Do I get spiritual fulfillment from fitness? Absolutely! I'm a science-minded person, but I'm not too proud to acknowledge what I can't prove. It is no secret that most gym professionals suffer with anxiety of some sort, so we work out for a purpose. There is a different way to work out for whatever you may suffer with. Anxiety, depression, mood disorders, hormonal imbalances, low testosterone levels, chemotherapy... Life throws curve balls. It all depends on how you handle it.
Forming new habits which serve you better and help you get to where you need to go. If you are going to make important changes, you need to be able to measure and keep track of your progress. Keeping a journal is a wonderful activity for your personal growth. It forces you to reflect on your life regularly. It becomes more obvious where your challenges lie when you have to put your experiences down on paper. There is a huge amount of activity going on in your mind on a daily basis and, unless you make some effort to capture it and process it, it stays there.
The shoulder joint (and its connective muscles, tendons, and ligaments) has a greater range of motion than all other joints in the human body, which provides a very wide array of movement. The group of muscles and connections that combine to facilitate this movement is called the rotator cuff. However, the extremely complex anatomical structure that provides so much flexibility in movement patterns also unfortunately make the shoulder joint quite susceptible to injury, especially to those who spend a lot of time in the gym pushing and pulling heavy iron. So if your shoulders are constantly in pain, there is a good chance you have irritated and inflamed the joint and need to take a look at 7 reasons your rotator cuffs hate you!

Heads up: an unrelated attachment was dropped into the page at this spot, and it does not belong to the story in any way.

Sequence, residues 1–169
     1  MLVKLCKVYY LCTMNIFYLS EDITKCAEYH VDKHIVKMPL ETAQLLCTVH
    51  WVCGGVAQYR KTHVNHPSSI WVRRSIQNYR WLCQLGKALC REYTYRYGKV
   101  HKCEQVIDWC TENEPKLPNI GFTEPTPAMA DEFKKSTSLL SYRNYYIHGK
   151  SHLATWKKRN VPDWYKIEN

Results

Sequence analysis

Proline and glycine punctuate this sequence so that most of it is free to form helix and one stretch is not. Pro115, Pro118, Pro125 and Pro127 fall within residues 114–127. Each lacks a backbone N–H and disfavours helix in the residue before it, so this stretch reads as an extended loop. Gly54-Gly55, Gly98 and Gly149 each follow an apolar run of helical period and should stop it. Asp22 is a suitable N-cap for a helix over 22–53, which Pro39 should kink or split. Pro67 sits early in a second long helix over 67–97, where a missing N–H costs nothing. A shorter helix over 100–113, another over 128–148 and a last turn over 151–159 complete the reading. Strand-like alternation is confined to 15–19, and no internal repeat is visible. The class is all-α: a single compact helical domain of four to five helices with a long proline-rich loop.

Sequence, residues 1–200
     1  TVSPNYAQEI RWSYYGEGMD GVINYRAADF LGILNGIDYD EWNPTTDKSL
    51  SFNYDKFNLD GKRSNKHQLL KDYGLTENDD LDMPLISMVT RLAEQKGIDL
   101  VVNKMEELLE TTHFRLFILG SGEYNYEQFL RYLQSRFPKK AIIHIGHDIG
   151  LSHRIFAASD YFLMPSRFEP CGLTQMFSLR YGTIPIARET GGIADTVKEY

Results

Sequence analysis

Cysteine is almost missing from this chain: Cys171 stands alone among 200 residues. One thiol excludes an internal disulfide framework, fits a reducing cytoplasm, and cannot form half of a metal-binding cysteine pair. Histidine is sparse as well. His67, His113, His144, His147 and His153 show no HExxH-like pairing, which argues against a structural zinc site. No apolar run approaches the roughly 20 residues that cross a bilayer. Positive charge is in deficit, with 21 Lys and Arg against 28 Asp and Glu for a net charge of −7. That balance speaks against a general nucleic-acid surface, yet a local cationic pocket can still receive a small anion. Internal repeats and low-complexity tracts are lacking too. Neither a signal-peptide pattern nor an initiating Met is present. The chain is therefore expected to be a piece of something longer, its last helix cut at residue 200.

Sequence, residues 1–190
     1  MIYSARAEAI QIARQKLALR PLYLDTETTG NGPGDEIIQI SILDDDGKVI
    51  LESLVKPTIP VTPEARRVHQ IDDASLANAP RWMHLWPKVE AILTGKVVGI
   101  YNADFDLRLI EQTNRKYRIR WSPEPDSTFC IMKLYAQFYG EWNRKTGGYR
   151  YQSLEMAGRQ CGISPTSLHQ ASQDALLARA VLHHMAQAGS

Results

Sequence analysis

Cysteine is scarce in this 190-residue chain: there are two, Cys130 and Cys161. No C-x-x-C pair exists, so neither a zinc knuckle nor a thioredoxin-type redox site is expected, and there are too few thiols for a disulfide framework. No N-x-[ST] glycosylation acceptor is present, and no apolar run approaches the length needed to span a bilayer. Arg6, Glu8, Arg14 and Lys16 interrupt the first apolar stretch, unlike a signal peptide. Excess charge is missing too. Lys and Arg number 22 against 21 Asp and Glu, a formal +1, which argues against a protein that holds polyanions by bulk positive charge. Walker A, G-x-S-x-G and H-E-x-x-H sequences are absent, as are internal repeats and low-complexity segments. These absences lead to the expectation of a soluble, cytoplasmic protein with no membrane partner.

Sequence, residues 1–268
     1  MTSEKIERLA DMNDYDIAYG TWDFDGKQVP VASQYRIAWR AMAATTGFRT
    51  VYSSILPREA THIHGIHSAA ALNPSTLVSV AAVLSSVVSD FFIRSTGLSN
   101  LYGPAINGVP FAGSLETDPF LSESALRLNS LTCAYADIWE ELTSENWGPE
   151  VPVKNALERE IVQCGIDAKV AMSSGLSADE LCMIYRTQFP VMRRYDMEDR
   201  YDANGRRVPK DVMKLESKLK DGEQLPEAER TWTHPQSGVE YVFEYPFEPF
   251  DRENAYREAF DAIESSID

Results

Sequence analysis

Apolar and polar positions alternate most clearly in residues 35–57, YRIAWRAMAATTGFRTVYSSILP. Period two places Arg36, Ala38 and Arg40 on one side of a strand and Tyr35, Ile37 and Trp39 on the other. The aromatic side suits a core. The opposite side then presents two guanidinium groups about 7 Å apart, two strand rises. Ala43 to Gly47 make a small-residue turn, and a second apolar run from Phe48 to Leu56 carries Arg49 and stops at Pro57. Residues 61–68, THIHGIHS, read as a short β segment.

Self Myofascial Release (SMR), what is that?! Many have probably never heard of it, but I bet you have heard of its slang terminology…foam rolling. With me now? Ok, so let's get started.
Since we don’t plow the fields and milk the cows each day anymore, we have become a modern, industrialized society of sitting. Most of the population spends 10+ hours in the day just sitting, whether we are working in front of a computer, checking messages on our phone, eating meals with friends, or lounging in front of the TV. Of course in an ideal world, all of us would have the time to go to the gym for an hour each day, but if you get too busy and have to skip a day, here’s a few suggestions to get just a little more movement out of each day.
Any serious lifter can tell you that in order to continue making progress in size, strength and/or fat loss over the long term, just about every workout needs to be “balls to the wall.” In the beginning, almost any new stimulus will bring about gains. However, after several years of pushing and pulling the iron you must continually push yourself to new heights, and this takes an extraordinary amount of dedication, discipline, passion and MOTIVATION! Here are 7 great ways to get mentally ready to tear things up before even getting on the gym floor!
Envision Your Perfect Physique